Beckett Cantley, senior partner of Cantley Dietrich, was named to the top ten most downloaded papers published on the research site SSRN under the Consumer Protection & Enforcement and the Life Insurance topic headings. The paper, Summary of Articles on Abusive Captive Insurance Companies, was published by the Utah chapter of the American Institute for CPAs (AICPA) on September 15, 2013.
About the Paper
Author Beckett G. Cantley, JD, LLM, analyzed the current IRS enforcement actions in light of the multiple publications Prof. Cantley had previously published in scholarly journals dissecting the tax promoters and life insurance agents who advised unsuspecting business owners to use Internal Revenue Code (IRC) Section 831(b) to form a captive insurance company (CIC) for reasons not in keeping with the intent and substance of the statute. The provision was rarely used until the late 2000s, and promoters advised clients that since the IRS rarely audited these vehicles, a CIC was compliant as a tax planning, estate planning, or wealth transfer entity.
As CICs gained in popularity, the IRS took note and started updating statutes and regulations to go after individuals or companies abusing the purposes of Section 831(b) CICs.
The IRS Targets CICs
The IRS identified five areas of Section 831(b) non-compliance:
- Life insurance on the owners of CICs as a core “investment”
- Offshore jurisdictions posing as unassailable managers
- Premiums in excess of risk and inappropriate coverages
- Estate planning ownership
- Loan-back structures
In 2016, the IRS released Notice 2016-66, announcing its disapproval of the use of CICs involved in investing “capital in illiquid or speculative assets usually not held by insurance companies.” For example, startup companies sometimes purchased large life insurance policies on their principals as a way to generate commission for life insurance promoters, and not as a sound business decision by a startup.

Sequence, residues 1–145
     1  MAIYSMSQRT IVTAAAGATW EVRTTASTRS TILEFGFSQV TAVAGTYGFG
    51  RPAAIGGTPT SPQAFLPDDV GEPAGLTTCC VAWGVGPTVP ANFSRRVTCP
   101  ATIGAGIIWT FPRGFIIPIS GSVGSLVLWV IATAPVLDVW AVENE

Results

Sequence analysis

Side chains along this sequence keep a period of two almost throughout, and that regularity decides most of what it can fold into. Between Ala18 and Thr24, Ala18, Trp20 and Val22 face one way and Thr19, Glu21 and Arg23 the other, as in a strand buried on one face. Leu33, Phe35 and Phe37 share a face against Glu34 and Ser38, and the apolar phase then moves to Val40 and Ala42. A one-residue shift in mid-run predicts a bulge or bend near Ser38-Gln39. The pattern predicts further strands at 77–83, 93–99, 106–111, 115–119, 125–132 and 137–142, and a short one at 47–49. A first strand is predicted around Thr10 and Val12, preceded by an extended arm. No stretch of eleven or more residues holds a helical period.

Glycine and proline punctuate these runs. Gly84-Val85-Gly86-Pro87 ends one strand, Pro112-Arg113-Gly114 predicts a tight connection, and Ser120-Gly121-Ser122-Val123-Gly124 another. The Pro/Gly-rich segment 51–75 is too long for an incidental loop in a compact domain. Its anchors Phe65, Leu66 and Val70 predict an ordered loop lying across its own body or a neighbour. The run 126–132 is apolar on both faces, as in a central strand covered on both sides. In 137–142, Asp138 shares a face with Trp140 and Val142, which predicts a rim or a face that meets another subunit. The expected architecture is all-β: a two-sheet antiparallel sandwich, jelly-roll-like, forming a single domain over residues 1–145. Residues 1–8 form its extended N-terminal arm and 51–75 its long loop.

Unscrupulous promoters were still persuading investors to create Captives, even as the IRS warned in their annual “Dirty Dozen” tax scams list (as early as 2015) that they were potentially abusive tax shelters. Starting in 2017, they backed up these warnings with policy underwriting that created requirements for CICs to meet the threshold of a legitimate financial vehicle.
Congress has passed laws and clarified specific provisions or tests to determine whether a CIC is being used for a legitimate business purpose. There were also enhanced reporting requirements after CICs were designated as a “Transaction of Interest” (TOI), including financial tax shelter disclosure, list maintenance and registration regulations.
The IRS’ ability to prosecute abuses related to Section 831(b) was reinforced in the Tax Court decision Avrahami v. Commissioner (2017) and followed by several other key wins, and highlights the arguments they are likely to use in future enforcement, including anti-abuse and judicial anti-avoidance doctrines:
- Circular cash flows
- Lack of bona fide debt
- Step transaction doctrine
- Sham transaction doctrine
- Business purpose doctrine
- Substance over form doctrine
- Economic substance doctrine
Historically, once something is designated as a new TOI, the IRS will target and audit it. Promoters may reassure clients, but this often leads to significant proposed adjustments to taxpayer returns and substantial penalties. While CICs can provide a useful risk management and mitigation tool for business owners, it’s important to work with advisors who won’t blur the legal lines of when they are appropriate.
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